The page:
Raul Larios

Can democracy win in Venezuela?

National Flag of Venezuela

In Venezuela, democracy has traveled a long, rocky and often bloody road in the 20 years since Lt. Coronel Hugo Chavez’s failed attempt to overthrow the government in 1992.  But recent events give pause for optimism: a dozen political parties were able to come together at last month’s primaries to elect 1 single opposition candidate for the upcoming national elections scheduled for October 7, 2012.

The winner of the primaries was Henrique Capriles, the current governor of Miranda (Venezuela’s second largest state), and the former president of the Chamber of Deputies (somewhat equivalent to Speaker of the House of Representatives).  And the scuttlebutt is that his chances are good, really good.

However, as a long-time observer of Venezuela, I am not so optimistic.  For years I did a lot of wealth management business there, in those dark days when democracy was teetering under the notoriously corrupt President Carlos Andres Perez.  Even the military couldn’t stand him.  They tried twice to overthrow him (including the failed attempt by Chavez that landed him in jail for several years).  Perez was eventually impeached in 1993 for corruption.

My lack of optimism is well founded.  President Chavez controls all government institutions in Venezuela, including the all-important CNE or “Consejo Nacional Electoral”.  This supposed independent branch of government has the final word on all local, regional and national elections.  Any electoral disputes are decided by simple majority of its five voting members, who are granted that power by Parliament, which is solidly controlled by Chavez.

Furthermore, Chavez masterminded and set in motion open class warfare when he launched his first presidential campaign in 1997.  He blamed the 2-party political system of the time for all the corruption and social injustice — the means by which the so-called “upper classes” perpetuated their power and wealth at the expense of the so-called “lower classes”.  And he promised to abolish it.

His promise rang deep amongst the poor, and he won all states with 56.2% of the popular vote — which was the largest margin in 40 years!  In other words, it was a landslide with a mandate.

Shortly after his election, Chavez called for a public referendum regarding the drafting of a new constitution to abolish the 2-party system.  Keep in mind that at the time, public referendums were virtually unknown in Venezuela.  The masses came, and he got an 88% ‘yes’ vote — an obvious validation of the mandate.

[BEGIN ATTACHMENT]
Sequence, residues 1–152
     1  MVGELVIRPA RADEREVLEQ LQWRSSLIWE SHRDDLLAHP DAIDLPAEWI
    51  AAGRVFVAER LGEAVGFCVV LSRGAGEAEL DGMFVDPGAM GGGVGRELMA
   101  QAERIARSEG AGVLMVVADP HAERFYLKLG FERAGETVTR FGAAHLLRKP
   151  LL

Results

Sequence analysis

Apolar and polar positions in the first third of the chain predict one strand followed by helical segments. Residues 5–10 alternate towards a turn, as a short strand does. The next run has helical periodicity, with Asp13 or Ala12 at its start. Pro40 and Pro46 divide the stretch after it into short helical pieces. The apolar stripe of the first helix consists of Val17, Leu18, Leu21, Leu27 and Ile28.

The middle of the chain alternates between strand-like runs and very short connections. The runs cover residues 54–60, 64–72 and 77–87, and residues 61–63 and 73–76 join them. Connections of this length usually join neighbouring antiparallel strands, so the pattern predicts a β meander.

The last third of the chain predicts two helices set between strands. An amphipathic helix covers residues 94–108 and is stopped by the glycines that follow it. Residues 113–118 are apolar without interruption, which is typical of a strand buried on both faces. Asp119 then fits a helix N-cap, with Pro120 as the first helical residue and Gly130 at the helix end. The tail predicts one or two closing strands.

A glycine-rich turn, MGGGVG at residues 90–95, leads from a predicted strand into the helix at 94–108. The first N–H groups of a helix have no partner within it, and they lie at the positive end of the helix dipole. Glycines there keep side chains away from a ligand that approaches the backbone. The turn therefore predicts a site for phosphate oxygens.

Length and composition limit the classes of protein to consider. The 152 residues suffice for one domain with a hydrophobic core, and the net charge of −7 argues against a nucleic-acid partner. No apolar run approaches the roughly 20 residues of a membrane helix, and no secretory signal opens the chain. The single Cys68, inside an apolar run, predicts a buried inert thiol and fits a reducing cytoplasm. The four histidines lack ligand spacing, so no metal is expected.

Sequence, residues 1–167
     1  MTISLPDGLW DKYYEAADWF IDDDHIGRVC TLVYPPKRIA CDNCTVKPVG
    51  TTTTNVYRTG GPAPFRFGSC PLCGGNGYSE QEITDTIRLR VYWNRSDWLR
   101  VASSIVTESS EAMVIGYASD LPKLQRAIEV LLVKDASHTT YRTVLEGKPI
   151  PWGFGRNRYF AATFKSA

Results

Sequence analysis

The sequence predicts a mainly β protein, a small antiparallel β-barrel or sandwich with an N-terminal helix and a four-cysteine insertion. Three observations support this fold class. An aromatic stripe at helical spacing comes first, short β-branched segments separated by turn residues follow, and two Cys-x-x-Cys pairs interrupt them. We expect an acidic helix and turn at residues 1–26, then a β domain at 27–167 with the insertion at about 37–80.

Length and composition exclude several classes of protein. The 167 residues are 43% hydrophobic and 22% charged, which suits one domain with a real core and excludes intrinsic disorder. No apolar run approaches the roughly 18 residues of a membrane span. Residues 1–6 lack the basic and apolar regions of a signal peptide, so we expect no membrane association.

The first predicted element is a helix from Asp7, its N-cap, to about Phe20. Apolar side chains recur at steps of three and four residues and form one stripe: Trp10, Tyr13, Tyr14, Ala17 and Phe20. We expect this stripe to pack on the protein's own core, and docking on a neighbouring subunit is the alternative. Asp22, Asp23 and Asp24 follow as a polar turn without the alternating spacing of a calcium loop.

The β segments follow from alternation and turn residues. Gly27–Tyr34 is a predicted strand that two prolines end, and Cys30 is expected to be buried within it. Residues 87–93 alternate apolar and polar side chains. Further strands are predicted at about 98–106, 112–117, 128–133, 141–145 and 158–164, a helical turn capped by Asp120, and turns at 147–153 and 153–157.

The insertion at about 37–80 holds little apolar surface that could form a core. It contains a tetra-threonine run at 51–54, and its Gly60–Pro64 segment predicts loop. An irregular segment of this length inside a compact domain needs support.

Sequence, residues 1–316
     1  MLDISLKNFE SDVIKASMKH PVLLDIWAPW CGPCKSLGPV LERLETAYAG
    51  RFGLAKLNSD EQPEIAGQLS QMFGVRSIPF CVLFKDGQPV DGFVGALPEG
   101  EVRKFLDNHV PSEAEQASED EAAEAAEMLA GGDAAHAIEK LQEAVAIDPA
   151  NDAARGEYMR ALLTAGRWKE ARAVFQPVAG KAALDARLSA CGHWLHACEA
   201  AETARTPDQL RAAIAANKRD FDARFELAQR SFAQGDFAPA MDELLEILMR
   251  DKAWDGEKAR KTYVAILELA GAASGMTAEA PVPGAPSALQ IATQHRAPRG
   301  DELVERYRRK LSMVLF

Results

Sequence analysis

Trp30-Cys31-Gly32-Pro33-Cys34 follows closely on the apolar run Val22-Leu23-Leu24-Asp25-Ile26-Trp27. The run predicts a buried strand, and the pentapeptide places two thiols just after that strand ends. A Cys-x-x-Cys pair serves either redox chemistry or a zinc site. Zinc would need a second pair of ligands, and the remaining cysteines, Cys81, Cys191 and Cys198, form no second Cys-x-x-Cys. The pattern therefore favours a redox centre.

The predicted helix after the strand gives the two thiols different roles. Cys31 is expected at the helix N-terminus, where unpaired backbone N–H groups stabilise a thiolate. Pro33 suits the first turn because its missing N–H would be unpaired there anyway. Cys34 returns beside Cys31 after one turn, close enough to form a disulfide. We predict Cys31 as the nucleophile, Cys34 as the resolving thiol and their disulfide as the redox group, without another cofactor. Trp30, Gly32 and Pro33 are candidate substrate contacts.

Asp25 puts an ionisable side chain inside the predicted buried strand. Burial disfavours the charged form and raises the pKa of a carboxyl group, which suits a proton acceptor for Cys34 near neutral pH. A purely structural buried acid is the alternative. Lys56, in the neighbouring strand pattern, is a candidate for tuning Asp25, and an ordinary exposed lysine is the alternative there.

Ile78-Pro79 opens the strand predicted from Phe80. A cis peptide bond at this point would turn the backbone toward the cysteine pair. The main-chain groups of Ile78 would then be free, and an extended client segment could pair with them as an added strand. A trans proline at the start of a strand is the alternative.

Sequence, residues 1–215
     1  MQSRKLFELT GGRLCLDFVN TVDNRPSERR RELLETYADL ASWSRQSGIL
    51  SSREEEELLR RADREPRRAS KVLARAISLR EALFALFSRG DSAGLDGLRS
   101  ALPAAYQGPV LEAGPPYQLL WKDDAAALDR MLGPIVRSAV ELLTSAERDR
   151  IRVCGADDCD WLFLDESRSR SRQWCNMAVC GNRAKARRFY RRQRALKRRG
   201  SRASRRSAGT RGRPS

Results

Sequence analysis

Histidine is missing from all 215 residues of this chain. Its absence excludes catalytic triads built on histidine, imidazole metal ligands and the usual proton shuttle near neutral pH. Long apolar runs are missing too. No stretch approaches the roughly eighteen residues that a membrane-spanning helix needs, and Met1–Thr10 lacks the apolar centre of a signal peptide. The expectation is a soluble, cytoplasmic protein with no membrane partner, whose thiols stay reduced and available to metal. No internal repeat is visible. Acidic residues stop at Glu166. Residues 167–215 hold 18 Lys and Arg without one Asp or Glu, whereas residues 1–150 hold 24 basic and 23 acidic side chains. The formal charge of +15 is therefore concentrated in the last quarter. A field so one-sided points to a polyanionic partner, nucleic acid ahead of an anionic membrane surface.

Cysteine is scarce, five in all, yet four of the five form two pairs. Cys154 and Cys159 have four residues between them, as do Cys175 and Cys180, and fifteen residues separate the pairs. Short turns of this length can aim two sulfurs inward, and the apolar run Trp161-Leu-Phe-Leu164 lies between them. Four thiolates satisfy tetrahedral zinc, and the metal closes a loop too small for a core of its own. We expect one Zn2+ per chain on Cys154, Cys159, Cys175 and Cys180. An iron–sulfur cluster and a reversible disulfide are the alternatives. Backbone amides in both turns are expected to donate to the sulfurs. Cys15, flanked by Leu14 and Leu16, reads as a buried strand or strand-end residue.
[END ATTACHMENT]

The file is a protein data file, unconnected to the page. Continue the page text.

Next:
The newly elected Constitutional Assembly gave itself sweeping powers, including the power to abolish any government institution and dismiss any elected official perceived as corrupt or as a puppet of the so-called “upper classes”.  By the way, the Assembly did not hesitate to exercise those powers.  It even dissolved the Chamber of Deputies (Venezuela’s House of Representatives).  What is even more amazing was that in 1999, a second public referendum actually approved the new Constitution (including all actions taken by the Assembly) by 71.8% of votes.  Was this another validation of the mandate or was there some voting fraud?

Democracy was tested again in 2004, when the opposition invoked the new Constitution for a recall referendum — to remove Chavez as president!  However, the tally was a 59% vote against Chavez’s recall.  The turnout was massive (70% of all registered voters).  Please keep in mind that despite multiple allegations of voting fraud, the Organization of American States and the Carter Center were the international observers, and they both ratified the legality of the outcome.  Again I ask, mandate or fraud?

In December 2006, there was another presidential election.  Would you be surprised to find out that Chavez won by 62.8% of votes and that voter turnout was even larger (74.6%)?  Mandate or fraud?

What about Chavez’s cancer?  By American standards, a rational electorate would not vote for somebody so sick.  However, Chavez’s base (the so-called “lower classes” of Venezuela) will not see things by American standards.  Having been born in a mud hut of a poor working class family of a remote village, Chavez is their man.  The masses feel that they deserve it; that this is how they win the class warfare — by one of their own being “el presidente” for life.


April 3, 2012 - Posted by | New York | , ,

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